Authors: Elaine Ho*, National University of Singapore
Topics: Migration, Ethnicity and Race, Human Rights
Keywords: Displacement, China, Myanmar, borders, migration
Session Type: Paper
Start / End Time: 8:00 AM / 9:40 AM
Room: Madison B, Marriott, Mezzanine Level
Presentation File: No File Uploaded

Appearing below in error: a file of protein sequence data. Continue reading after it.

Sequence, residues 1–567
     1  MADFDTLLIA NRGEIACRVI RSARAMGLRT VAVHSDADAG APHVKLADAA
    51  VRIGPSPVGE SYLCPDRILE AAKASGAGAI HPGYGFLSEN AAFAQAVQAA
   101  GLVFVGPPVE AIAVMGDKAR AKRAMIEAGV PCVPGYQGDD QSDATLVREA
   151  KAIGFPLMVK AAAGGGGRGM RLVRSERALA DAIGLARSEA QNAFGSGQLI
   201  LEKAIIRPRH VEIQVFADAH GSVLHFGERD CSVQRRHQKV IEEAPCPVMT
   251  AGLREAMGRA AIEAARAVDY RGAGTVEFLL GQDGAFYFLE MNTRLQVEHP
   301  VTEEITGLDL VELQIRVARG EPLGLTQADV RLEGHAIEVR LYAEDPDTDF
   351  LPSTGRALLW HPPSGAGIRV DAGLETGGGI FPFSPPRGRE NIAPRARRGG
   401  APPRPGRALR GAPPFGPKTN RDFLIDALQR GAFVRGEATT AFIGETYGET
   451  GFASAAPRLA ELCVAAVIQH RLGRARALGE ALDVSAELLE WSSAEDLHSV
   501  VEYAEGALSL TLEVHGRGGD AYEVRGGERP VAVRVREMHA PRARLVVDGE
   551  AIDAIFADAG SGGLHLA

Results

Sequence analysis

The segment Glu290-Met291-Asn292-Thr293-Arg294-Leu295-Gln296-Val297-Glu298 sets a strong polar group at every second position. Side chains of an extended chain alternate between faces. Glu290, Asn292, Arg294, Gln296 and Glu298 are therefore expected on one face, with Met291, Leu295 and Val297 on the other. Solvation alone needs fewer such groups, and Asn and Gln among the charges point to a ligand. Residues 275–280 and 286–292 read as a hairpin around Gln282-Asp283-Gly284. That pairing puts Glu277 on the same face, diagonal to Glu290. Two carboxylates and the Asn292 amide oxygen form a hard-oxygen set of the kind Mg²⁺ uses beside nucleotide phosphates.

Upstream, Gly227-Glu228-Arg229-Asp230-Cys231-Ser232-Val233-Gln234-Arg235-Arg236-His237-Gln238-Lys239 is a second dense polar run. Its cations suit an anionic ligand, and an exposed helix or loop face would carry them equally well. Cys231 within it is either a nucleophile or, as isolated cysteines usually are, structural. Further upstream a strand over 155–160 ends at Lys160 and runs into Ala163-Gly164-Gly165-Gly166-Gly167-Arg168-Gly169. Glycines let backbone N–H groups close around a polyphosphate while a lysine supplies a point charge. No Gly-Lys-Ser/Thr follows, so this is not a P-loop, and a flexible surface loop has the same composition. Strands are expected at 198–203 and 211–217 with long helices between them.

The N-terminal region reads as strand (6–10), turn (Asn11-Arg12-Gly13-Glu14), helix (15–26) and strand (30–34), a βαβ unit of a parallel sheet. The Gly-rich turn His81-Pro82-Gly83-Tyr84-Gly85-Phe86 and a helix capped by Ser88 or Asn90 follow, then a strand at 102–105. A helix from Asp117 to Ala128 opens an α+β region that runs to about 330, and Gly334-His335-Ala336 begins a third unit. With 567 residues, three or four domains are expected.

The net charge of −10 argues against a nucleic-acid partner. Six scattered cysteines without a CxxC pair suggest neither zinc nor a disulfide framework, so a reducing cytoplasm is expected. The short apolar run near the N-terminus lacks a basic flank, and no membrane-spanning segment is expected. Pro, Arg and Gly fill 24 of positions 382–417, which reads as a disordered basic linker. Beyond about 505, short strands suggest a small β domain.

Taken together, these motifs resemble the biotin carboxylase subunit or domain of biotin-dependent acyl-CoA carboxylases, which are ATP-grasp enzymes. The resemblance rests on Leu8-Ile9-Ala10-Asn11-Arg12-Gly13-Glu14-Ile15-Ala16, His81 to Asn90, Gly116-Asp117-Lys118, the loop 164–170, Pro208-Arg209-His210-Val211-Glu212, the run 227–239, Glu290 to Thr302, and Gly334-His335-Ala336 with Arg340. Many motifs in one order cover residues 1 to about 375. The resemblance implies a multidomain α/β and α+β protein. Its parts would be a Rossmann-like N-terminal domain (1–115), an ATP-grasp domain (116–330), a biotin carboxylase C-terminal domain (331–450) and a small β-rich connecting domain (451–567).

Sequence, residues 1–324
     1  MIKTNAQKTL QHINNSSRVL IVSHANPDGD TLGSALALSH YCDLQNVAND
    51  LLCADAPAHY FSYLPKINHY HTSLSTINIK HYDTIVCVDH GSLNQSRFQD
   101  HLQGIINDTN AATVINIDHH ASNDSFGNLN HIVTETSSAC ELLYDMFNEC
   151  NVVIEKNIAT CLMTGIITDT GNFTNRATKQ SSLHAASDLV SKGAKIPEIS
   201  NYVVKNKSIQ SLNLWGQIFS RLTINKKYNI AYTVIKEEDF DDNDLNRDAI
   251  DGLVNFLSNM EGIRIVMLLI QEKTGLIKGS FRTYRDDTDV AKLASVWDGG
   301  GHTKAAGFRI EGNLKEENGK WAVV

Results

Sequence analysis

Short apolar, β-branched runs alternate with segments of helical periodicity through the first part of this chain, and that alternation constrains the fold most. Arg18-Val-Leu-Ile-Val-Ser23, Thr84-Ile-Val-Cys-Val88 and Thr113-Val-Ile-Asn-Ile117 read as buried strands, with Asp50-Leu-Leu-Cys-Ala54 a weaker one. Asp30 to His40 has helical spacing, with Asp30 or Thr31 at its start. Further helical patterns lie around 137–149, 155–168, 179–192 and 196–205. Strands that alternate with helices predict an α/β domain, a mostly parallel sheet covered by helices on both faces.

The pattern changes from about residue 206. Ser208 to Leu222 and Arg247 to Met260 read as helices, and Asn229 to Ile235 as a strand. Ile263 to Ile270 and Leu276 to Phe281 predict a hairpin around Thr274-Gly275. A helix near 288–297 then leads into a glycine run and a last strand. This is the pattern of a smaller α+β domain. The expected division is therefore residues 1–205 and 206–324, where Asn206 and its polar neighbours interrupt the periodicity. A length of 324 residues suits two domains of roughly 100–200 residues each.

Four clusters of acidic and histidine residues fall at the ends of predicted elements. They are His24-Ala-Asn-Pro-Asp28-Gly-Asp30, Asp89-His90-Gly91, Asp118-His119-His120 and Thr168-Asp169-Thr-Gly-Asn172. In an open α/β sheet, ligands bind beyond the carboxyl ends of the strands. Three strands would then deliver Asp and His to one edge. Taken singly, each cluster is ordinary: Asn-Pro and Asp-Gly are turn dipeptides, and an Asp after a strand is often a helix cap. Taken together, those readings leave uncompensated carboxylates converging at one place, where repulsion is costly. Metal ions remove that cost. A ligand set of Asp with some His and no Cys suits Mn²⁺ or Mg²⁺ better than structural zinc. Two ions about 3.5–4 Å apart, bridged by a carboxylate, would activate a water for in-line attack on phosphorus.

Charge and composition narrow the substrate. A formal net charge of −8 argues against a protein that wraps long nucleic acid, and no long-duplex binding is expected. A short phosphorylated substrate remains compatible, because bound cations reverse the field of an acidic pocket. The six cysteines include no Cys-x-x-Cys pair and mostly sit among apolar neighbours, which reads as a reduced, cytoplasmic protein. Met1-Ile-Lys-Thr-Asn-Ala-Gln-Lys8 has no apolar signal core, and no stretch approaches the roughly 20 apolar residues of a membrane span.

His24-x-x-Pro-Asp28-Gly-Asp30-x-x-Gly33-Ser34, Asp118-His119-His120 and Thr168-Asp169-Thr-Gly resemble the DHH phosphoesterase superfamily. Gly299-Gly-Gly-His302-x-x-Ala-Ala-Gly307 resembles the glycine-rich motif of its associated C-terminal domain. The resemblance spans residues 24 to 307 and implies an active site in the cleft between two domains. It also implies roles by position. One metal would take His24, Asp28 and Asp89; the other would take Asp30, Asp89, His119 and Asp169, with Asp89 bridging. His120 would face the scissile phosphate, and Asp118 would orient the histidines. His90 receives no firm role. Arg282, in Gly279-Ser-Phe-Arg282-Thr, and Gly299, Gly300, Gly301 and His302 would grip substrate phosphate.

Academic, policy and media attention that focuses on the activities of the international refugee regime (IRR) in Asia tends to obscure the role of regional refugee regimes, even though they mediate how displaced people articulate aspirations for recognition, citizenship and/or international protection. Studying and grounding the interfaces at which such mediations take place redirect attention to the webs of connection and topologies of power that impact humanitarianism. The case of internal displacement at Kachin state in Myanmar draws out how interactions at the interfaces forged between different social actors and institutional regimes may at times resemble a hierarchical social order (e.g. international, national or local), but could equally traverse such hierarchies that are premised on imaginaries or actual practices of national sovereign power and, by extension, discrete local or international scales of decision-making. Since 2011, more than 120,000 Kachin people have been displaced from their villages due to renewed fighting between the Myanmar military and the separatist Kachin Independence Army (KIA). Those who tried to cross the border to reach safety in China were barred by the Chinese police. The interfaces examined here reveal the constraints posed when delivering humanitarian aid, but also signal the connections that bring together displaced populations and an array of affinity groups, while keeping in view the global power geometries through which such connections are forged. The presentation situates its analyses in wider debates on the importance of (fore)grounding the “localised” histories, sites and actions through which refugee management practices emerge in specific Asian contexts.